Metrics

mbostock edited this page Apr 17, 2012 · 4 revisions

WikiAPI ReferenceEvaluatorMetrics

Metrics are a way of identifying events of interest, grouping them into bins, and reducing them to a single value. For example, given a set of "request" events, you might want to compute the number of requests in each five-minute interval over the last week. This metric, sum(request) tells you the rate of requests over time. For more details on how to define metrics, see the documentation on metric expressions.

Metrics are computed by the evaluator, via the metric/get endpoint. This endpoint returns an array of JSON-encoded metric values, which have two required properties:

  • time - the metric time, in ISO 8601 format, UTC.
  • value - the metric value; a number, or undefined or NaN.

If you use the HTTP GET endpoint, the metrics are returned in chronological order. For example:

[
  {"time": "2012-04-16T16:00:00.000Z", "value": 20},
  {"time": "2012-04-16T16:01:00.000Z", "value": 21},
  {"time": "2012-04-16T16:02:00.000Z", "value": 20},
  {"time": "2012-04-16T16:03:00.000Z", "value": 20},
  {"time": "2012-04-16T16:04:00.000Z", "value": 21},
  {"time": "2012-04-16T16:05:00.000Z", "value": 20},
  {"time": "2012-04-16T16:06:00.000Z", "value": 21},
  {"time": "2012-04-16T16:07:00.000Z", "value": 20},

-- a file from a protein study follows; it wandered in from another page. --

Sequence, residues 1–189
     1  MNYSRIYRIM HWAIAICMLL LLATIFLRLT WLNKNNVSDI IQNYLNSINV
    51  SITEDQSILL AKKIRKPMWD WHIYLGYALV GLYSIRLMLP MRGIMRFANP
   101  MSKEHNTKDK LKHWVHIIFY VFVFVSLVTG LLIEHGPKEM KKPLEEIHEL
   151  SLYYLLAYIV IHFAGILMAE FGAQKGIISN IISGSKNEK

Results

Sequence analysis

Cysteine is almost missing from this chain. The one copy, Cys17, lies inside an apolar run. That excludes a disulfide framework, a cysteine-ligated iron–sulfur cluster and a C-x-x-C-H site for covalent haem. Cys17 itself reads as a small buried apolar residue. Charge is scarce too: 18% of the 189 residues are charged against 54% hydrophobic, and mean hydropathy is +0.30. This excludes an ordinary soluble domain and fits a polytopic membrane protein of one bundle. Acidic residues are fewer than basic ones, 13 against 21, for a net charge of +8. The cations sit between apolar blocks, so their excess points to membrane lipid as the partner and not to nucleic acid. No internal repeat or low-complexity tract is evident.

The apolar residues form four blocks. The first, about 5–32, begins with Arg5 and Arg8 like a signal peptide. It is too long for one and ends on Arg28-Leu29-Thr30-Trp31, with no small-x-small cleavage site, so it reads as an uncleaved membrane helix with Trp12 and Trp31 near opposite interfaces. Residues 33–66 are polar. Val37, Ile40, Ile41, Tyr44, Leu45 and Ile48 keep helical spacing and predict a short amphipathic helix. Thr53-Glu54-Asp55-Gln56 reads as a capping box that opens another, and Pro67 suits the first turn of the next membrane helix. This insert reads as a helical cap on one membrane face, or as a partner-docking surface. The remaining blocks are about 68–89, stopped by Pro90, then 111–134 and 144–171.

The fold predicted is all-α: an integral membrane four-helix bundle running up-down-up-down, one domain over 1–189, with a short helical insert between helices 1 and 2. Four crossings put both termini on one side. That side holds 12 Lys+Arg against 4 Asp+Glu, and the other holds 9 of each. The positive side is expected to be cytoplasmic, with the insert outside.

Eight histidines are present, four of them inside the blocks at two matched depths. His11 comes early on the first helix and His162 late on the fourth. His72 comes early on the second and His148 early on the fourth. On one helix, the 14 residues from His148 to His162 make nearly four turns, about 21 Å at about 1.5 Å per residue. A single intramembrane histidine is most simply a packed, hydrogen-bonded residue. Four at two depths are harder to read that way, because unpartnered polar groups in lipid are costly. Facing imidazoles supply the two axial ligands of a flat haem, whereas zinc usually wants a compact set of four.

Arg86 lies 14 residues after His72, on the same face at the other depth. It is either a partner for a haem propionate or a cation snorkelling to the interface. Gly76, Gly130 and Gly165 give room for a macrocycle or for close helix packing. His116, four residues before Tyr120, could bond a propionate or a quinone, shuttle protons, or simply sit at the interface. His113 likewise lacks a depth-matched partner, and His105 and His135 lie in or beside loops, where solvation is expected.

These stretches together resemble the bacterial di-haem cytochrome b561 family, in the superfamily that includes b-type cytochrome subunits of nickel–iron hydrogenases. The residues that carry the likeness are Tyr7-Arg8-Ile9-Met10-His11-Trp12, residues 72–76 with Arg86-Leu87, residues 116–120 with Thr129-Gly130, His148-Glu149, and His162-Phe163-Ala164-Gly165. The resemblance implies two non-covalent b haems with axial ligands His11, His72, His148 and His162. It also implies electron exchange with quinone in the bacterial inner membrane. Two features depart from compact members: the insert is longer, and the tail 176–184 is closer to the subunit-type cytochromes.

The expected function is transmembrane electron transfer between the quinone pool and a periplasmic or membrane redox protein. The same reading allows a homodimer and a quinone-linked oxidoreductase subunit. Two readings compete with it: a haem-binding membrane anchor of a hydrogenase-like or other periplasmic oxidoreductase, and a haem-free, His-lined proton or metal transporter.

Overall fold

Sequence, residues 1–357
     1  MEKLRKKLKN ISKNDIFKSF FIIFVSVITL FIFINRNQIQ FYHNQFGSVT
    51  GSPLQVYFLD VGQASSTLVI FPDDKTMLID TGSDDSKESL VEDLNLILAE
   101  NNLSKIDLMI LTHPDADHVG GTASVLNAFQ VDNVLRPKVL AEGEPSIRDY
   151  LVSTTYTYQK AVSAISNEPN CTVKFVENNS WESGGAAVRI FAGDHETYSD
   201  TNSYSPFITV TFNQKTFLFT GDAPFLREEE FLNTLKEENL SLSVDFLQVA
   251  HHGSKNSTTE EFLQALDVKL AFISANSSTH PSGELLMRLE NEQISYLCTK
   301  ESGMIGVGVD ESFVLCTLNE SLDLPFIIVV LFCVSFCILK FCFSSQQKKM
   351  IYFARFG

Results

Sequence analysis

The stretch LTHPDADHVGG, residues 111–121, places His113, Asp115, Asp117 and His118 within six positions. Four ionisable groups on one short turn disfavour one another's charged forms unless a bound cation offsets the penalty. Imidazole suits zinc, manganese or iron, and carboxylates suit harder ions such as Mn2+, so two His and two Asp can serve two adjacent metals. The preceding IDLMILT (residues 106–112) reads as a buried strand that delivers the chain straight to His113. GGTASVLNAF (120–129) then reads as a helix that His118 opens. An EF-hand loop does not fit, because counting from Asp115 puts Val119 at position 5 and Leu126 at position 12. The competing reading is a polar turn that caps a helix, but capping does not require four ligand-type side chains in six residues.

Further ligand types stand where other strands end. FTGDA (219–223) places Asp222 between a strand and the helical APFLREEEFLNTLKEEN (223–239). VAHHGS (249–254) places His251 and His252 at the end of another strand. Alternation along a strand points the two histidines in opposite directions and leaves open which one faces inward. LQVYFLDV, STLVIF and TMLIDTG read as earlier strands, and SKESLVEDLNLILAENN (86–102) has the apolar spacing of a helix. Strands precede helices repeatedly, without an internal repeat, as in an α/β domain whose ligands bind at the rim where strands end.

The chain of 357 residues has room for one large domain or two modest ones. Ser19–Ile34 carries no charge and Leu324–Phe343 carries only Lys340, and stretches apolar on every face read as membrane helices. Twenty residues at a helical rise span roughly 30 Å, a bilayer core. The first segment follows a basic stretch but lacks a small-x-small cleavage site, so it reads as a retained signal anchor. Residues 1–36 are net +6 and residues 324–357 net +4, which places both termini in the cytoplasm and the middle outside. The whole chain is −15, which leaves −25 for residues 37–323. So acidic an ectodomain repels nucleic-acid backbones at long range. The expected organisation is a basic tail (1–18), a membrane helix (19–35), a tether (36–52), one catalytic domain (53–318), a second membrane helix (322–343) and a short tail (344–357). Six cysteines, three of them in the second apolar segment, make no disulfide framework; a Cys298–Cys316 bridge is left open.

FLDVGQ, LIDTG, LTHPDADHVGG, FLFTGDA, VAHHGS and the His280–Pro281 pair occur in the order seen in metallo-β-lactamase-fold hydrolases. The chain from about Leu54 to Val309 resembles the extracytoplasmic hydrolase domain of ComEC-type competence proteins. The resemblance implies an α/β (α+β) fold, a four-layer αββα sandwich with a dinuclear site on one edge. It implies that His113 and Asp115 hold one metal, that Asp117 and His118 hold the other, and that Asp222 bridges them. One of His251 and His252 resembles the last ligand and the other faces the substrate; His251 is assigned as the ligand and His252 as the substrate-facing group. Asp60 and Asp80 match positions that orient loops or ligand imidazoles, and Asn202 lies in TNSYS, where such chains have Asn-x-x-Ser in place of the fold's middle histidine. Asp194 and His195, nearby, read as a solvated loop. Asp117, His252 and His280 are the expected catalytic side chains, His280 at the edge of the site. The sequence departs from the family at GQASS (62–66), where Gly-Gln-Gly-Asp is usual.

{"time": "2012-04-16T16:08:00.000Z", "value": 20},
  {"time": "2012-04-16T16:09:00.000Z", "value": 21},
  {"time": "2012-04-16T16:10:00.000Z", "value": 21}
]

However, if you use the WebSockets endpoint, the metrics are returned in arbitrary order, so as to give you results as quickly as possible; if some of the metrics are cached, they will be returned immediately even while Cube computes the non-cached metrics.

If you use the WebSockets endpoint, you can multiplex requests on the same socket by using a request id. For example, to get both cube_request and cube_compute metrics simultaneously:

var socket = new WebSocket("ws://localhost:1081/1.0/metric/get");

socket.onopen = function() {
  socket.send(JSON.stringify({
    "expression": "sum(cube_request)",
    "start": "2012-04-16T16:00:00Z",
    "stop": "2012-04-16T17:00:00Z",
    "step": 6e4,
    "id": "request"
  }));
  socket.send(JSON.stringify({
    "expression": "sum(cube_compute)",
    "start": "2012-04-16T16:00:00Z",
    "stop": "2012-04-16T17:00:00Z",
    "step": 6e4,
    "id": "compute"
  }));
};

socket.onmessage = function(message) {
  console.log(JSON.parse(message.data));
};

Of course, you may find it simpler to just open multiple WebSockets, rather than multiplex.

Internal Storage

Cached metrics for are typically stored in capped collections; by default, Cube creates a 10M capped collection for each event type. Metrics are indexed by expression, time, and resolution. In addition, the "i" (invalid) flag records whether a cached metric has been invalidated by the collector; these invalidated metrics are ignored by the evaluator, causing metrics to be recomputed when new events arrive.

{
  "_id" : {
    "e": "sum(cube_request)",
    "l": 10000,
    "t": ISODate("2012-04-15T18:25:30Z")
  },
  "i": false,
  "v": 4
}

To save space, Cube does not cache metrics with falsey values (zero, undefined or NaN). With sporadic events, this can trigger multiple queries for events; however, since queries are indexed by time, it is relatively fast to detect zero results for a particular time range.